After indicating their business sector in question one, responses were elicited using a three-point (questions two and three) or six-point (question four) Likert scale [32]. The survey was conducted by a single emailing of 2000 questionnaires followed by two follow up reminders sent over a four-month period (July–October 2017). The link to the survey was also promoted via social media and online forums with the purpose of reaching businesses not represented in the local business directories. A response rate of 10.6% (212 participants) was received which is consistent with the relatively low response rates typical of online surveys [33]. However, the sample responses covered a reasonably good representation of different sectors (Figure 2). In development of question four we considered five ecosystem service classifications (The Millennium Ecosystem Assessment, [34]), The Economics of Ecosystems and Biodiversity classification (TEEB, [13]), UK National Ecosystem Assessment (NEA, [35]) Common International Classification of Ecosystem Services (CICES, [36]) and The Final Ecosystem Goods and Services Classification System (FEGS-CS, [37]). These were used to produce a combined list of 26 services that were included in the survey. In line with the above TEEB study ES were defined as “the direct and indirect contributions of ecosystems to human well-being” and were categorized into provisioning, regulating, cultural, and habitat and supporting services.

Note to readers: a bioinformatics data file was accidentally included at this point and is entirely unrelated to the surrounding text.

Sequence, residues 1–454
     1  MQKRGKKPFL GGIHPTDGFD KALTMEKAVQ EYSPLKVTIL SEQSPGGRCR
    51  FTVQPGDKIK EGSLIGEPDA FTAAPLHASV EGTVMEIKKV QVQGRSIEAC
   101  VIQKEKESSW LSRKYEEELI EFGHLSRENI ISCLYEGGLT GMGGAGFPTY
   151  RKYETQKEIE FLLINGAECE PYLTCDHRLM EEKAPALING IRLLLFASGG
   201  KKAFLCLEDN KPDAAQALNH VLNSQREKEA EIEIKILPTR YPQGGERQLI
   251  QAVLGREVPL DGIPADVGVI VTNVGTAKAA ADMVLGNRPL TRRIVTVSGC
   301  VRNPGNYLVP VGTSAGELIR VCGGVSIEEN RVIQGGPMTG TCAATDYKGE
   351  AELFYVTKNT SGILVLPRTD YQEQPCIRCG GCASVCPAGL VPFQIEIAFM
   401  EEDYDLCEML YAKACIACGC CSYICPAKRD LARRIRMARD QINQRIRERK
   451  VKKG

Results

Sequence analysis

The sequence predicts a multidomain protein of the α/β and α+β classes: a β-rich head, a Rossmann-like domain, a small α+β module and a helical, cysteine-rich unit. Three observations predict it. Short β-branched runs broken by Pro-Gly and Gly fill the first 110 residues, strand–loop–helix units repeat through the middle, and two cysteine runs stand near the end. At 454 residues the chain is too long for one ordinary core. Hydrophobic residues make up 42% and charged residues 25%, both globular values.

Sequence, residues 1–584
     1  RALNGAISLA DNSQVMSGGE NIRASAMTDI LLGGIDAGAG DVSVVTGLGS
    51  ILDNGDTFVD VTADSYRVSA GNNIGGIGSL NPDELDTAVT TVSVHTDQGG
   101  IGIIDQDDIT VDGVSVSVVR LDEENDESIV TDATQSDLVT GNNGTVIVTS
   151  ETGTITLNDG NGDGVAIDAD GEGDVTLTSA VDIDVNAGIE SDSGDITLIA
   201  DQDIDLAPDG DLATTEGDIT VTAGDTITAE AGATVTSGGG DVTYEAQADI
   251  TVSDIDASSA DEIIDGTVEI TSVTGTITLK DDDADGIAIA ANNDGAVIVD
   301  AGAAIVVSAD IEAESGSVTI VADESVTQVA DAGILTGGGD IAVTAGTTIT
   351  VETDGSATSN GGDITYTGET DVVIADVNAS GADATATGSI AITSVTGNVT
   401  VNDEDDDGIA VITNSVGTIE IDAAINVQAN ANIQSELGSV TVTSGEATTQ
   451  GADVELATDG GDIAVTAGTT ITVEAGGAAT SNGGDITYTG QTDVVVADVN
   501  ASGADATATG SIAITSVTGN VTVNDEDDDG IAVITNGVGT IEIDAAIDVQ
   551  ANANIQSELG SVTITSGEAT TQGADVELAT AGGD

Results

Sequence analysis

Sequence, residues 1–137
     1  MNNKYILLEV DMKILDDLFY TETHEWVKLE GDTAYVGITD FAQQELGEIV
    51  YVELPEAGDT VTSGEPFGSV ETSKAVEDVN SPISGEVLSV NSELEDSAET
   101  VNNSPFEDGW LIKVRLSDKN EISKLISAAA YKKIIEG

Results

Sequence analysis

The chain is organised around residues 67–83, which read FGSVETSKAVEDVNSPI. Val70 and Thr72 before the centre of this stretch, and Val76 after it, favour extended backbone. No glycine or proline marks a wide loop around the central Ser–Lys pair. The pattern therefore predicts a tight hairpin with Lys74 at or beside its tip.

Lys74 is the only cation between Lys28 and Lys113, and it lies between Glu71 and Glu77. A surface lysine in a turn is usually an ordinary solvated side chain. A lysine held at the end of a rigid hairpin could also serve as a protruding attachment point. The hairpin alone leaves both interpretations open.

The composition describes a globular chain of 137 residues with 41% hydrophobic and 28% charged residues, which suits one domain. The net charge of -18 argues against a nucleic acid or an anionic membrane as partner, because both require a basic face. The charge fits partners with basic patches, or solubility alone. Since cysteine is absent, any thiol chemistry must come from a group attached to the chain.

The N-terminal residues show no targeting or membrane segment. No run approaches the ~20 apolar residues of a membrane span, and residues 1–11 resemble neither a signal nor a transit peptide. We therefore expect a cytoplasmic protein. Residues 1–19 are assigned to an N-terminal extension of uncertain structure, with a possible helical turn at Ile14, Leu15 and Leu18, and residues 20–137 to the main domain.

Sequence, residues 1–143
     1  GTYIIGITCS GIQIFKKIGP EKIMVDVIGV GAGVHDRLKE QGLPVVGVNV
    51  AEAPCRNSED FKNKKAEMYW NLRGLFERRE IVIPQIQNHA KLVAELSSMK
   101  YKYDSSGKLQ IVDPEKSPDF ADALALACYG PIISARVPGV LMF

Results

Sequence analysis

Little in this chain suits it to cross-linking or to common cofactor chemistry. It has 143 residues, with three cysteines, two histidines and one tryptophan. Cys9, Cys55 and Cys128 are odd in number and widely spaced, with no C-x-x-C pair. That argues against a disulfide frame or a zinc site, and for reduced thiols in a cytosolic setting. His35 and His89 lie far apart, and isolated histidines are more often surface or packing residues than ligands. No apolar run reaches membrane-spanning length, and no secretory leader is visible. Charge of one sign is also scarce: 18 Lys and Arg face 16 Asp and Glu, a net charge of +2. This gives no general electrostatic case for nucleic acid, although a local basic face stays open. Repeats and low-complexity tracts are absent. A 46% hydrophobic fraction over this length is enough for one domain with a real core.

3. Results

3.1. Reasons for Locating Business Activity in Dorset